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Beckett at his best

Beckett’s Happy Days’ at the Flea Theater

3 minute read
Majestic in her determination and endurance: Brooke Adams in "Happy Days"
Majestic in her determination and endurance: Brooke Adams in "Happy Days"

Emily Dickinson once said, “If I feel physically as if the top of my head were taken off, I know that is poetry." So, too, every once in a while, you see a revival of a well-known classic that takes off the top of your head, making you experience the power of the work as if for the very first time.

Such is the case with the superb production of Happy Days, now playing at the tiny Flea Theater in downtown Manhattan, featuring the brilliant Brooke Adams as Winnie and supported by the superb Tony Shalhoub (Adams’s husband) as Willie.

Samuel Beckett’s 1960 play about long-term marriage is famous for the almost impossible challenges it poses for its cast. It is essentially a stream-of-consciousness monologue, requiring the actress playing Winnie to speak nonstop for two hours about nothing but the minutest details of her “heavenly day” (and course that “nothing” is everything, in Beckett’s world). In Act One, Winnie is buried in a mound of sand up to her waist, so she’s only mobile from the torso up. A bright blue sky flashes above her, and a merciless sun beats down on her. In Act Two, she’s buried up to her neck, so she has no mobility at all – except for her facial expressions.

As for the actor playing Willie, her husband, he has only a half-dozen lines (plus an assortment of coughs and grunts), that’s all, and yet he’s on stage for the entire time, sprawled on that huge mound in a variety of excruciatingly painful positions.

Only the fearless have tackled Winnie: Dame Peggy Ashcroft, Billie Whitelaw, Irene Worth, and recently, Juliet Stevenson and Fiona Shaw. But according to Adams, when director Andrei Belgrader asked her if she wanted to play the role, she said “yes” without hesitation. As it has turned out, it’s been both an opportunity and a performance of a lifetime for this luminous actress.

Daily rituals of existence

The play is a marvel, and so is Adams. Though of petite stature and demure composure, Adams’s Winnie is majestic in her determination and endurance. From the moment the bell rings and Winnie starts “another happy day,” she commands our attention absolutely. Beckett puts her through her daily ritual: the emptying of her handbag, the brushing of her teeth, the applying of her lipstick, the donning of her hat, etc. The details are minute, mundane, and so is existence, Beckett is saying. But each and every moment is, no matter how inconsequential it may seem, of huge consequence. (The huge black revolver Winnie also withdraws from her bag reminds her just how precarious the events each day can be, despite their numbing predictability.) Meanwhile, Adams’s bob of white blond hair and her brilliant smile dazzle us, assuring us that she’s “grateful,” oh so grateful. We are completely in her thrall.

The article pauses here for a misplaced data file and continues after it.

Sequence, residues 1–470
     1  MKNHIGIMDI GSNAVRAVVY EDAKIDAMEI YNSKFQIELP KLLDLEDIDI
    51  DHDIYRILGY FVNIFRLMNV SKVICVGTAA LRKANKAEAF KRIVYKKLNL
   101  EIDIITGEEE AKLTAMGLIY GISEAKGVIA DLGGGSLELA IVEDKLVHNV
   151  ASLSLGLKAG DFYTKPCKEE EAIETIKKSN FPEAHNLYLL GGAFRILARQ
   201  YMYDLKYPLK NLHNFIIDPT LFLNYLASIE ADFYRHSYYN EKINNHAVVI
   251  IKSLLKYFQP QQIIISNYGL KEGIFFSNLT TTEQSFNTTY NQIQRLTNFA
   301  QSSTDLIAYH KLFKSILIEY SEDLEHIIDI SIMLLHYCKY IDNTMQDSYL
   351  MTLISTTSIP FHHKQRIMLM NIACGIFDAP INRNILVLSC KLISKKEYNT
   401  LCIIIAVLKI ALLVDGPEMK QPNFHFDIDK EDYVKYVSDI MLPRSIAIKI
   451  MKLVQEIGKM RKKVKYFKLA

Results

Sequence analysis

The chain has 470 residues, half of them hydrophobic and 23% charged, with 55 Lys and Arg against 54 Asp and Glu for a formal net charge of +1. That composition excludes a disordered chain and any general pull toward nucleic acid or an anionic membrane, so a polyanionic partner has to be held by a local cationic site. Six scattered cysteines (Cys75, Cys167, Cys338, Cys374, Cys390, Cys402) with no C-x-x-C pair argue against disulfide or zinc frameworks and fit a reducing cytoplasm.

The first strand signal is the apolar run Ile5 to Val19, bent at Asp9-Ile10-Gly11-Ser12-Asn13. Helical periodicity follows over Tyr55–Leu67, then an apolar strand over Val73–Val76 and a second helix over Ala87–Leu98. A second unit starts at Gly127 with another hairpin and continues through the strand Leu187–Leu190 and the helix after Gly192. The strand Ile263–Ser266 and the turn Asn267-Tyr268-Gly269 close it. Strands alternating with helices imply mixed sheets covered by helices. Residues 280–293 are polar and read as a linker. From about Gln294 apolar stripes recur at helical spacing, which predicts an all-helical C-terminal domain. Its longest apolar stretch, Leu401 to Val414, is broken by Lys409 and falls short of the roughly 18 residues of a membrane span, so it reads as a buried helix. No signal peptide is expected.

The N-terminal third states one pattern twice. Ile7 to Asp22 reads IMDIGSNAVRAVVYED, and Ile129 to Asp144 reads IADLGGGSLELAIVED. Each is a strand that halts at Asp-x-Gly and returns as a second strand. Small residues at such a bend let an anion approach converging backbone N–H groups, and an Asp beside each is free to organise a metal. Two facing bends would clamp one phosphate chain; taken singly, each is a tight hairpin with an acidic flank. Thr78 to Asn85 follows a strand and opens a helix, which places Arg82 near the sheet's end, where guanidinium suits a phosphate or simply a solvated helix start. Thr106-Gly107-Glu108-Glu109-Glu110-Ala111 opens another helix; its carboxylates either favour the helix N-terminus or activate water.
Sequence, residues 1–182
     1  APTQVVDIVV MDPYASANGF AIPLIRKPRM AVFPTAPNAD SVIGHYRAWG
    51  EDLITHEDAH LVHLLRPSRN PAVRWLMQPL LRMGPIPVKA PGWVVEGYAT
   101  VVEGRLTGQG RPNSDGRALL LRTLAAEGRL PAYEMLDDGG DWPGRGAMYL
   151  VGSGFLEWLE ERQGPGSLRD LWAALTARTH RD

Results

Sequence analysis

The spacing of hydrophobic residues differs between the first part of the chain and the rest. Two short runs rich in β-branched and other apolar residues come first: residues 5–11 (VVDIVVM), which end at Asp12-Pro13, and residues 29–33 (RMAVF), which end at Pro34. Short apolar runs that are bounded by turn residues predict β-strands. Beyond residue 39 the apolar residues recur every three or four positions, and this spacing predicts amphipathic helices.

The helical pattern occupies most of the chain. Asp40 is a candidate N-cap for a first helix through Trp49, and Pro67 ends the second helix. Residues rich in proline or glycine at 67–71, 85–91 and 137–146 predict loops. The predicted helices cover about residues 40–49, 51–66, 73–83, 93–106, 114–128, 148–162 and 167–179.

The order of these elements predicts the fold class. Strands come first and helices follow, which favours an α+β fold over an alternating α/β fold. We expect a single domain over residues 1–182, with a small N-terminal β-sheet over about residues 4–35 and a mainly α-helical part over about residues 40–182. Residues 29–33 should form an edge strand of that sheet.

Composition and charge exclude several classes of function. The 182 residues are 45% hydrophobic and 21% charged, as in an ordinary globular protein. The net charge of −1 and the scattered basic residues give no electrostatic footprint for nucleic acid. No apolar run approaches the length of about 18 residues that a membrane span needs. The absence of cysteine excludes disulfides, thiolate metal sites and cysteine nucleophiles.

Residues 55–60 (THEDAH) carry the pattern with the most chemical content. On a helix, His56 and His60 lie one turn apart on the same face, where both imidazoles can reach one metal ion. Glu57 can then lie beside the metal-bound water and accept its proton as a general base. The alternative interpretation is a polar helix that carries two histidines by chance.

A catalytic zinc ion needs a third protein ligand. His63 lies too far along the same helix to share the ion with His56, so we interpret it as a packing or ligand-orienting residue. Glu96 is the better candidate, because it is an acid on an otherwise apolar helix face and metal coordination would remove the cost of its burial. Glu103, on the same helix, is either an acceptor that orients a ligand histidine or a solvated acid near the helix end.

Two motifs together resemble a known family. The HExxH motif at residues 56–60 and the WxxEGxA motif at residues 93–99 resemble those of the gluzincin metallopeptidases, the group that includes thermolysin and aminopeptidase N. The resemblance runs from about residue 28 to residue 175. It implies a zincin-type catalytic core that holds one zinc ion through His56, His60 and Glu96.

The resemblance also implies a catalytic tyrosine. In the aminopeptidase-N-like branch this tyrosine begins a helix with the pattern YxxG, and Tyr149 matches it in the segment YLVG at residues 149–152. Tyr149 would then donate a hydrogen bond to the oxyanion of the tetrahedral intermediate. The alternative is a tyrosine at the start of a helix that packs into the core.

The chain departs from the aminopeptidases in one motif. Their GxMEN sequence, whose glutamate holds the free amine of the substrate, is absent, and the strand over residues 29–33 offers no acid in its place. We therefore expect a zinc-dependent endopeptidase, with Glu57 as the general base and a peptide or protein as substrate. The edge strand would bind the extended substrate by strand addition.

Every so often, Winnie calls out to Willie, just to be sure he’s there. A gray matted head bobs from behind the mound, and assenting grunts are heard, confirming that their endless marriage is still their foundation, like that mound of matted sand. Willie’s coughing fit (lasting a full two minutes) is one of the comedic highlights of this interminable happy day that — thanks to these virtuosic performers — seems to go by in minutes.

A precarious balance

When a cast and director are in synch, anything and everything is possible. Director Andrei Belgrader understands the precarious balance of tragedy and comedy in Beckett’s work. Moreover, he has unearthed a horror that I’ve always sensed underneath the surface of Beckett’s plays but have never seen it brought to light before with such blinding clarity. The sight of Willie making that final, agonizing climb up the mound under that scorching, pitiless sun, desperately extending his hand to Winnie (who, buried up to her neck, cannot return his reach), evokes such a powerful mixture of happiness and horror that I shall never forget it. That final devastating vision of long-term marriage and aging, as the day — and their life together — crawl toward an inexorable end, is a truth almost too blinding to behold.

What, When, Where

Samuel Beckett’s Happy Days. Andrei Belgrader directed. Through July 18 at the Flea Theater, 41 White Street, New York. 212-352-3101 or

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